The Beef Industry

To mark cows for identification, ranchers may restrain them and press hot fire irons into their flesh, which can cause third-degree burns, as they bellow in pain and attempt to escape. Often without providing any pain relief, workers typically cut male calves’ testicles from their scrotums or tightly clamp them so that they atrophy, and the horns of cows raised for beef are often cut or burned off.

While “on the range,” most cows receive inadequate veterinary care, and as a result, many become sick or die from infection and injury. In the winter, cattle freeze to death in states such as Nebraska, South Dakota, and Wyoming. And during the summer, they die from the heat in states such as Kansas and Texas.

After about a year of enduring harsh weather extremes, cows are shipped to an auction lot and then may be sent hundreds of miles away to massive feedlots—feces- and mud-filled holding pens where they’re crammed together by the thousands. Many are sick on arrival, and some die shortly afterward.

Cattle on feedlots are fed a highly unnatural diet of grain and corn, which is designed to fatten them up quickly. This food can cause their stomachs to become so full of gas—a condition called bloat—that breathing may become impaired because of compression of the lungs. Some may suffer from a severe increase in stomach acid, causing ulcers to form and resulting in a condition called “acute acidosis.”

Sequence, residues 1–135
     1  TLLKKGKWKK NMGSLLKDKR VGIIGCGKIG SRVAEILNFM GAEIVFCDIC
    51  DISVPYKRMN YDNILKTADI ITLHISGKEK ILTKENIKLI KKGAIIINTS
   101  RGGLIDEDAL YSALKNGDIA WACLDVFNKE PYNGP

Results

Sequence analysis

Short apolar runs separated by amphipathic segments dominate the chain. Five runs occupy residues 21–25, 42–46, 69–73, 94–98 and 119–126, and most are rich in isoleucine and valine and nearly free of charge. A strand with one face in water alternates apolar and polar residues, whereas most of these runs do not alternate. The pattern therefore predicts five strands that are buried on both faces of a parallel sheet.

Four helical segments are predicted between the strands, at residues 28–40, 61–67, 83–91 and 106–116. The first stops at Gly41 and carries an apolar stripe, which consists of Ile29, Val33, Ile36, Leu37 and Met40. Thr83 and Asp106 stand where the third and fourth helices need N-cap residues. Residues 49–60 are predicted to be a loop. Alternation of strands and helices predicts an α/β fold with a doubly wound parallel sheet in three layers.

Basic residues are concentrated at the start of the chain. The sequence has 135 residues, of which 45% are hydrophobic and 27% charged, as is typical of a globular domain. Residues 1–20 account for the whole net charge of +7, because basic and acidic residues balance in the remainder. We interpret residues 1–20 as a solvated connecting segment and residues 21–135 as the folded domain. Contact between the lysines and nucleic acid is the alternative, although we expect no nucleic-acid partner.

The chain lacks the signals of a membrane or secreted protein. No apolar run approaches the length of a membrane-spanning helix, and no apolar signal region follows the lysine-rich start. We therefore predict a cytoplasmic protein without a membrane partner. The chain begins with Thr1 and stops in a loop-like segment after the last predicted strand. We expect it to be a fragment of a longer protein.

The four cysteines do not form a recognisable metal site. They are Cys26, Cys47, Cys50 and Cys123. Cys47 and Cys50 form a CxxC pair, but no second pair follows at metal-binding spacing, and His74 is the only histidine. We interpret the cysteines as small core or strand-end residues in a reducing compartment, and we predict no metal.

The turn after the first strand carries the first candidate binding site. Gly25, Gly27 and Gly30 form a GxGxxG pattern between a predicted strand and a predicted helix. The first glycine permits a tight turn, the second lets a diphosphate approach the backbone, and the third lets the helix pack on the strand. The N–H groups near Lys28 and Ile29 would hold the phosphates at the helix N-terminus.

The feedlot air is saturated with ammonia, methane, and other noxious chemicals that build up from the huge amounts of manure, and the cows are forced to inhale these gases constantly. These fumes can give them chronic respiratory problems, making breathing painful.

Cattle raised for food are also regularly dosed with drugs such as antibiotics to make them grow faster and keep them alive in these miserable conditions. Some of the antibiotics, including penicillin and tetracycline, are also used to treat humans but don’t always work when prescribed, because the patients have been exposed to antibiotic-resistant bacteria and low doses of antibiotics as a result of consuming meat, milk, or eggs from animals who were fed the same drugs. Researchers at Texas Tech University suspect that drug-resistant bacteria found in cattle feedlots can become airborne and cause hard-to-treat infections in humans.

According to the Centers for Disease Control and Prevention, 2 million people contract antibiotic-resistant bacterial infections each year, and approximately 23,000 of them die. Eating antibiotic-free meat is not a solution. It’s still high in cholesterol and saturated fat and contributes to a person’s risk of suffering from heart disease, cancer, diabetes, and obesity.

Take PETA’s pledge to go vegan and try removing beef and other meat from your diet. After a month, you’ll see how much better you feel, and you’ll be happy knowing that you’re doing your part to help stop cruelty.

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 Ingrid E. Newkirk

“Almost all of us grew up eating meat, wearing leather, and going to circuses and zoos. We never considered the impact of these actions on the animals involved. For whatever reason, you are now asking the question: Why should animals have rights?” READ MORE

— Ingrid E. Newkirk, PETA President and co-author of Animalkind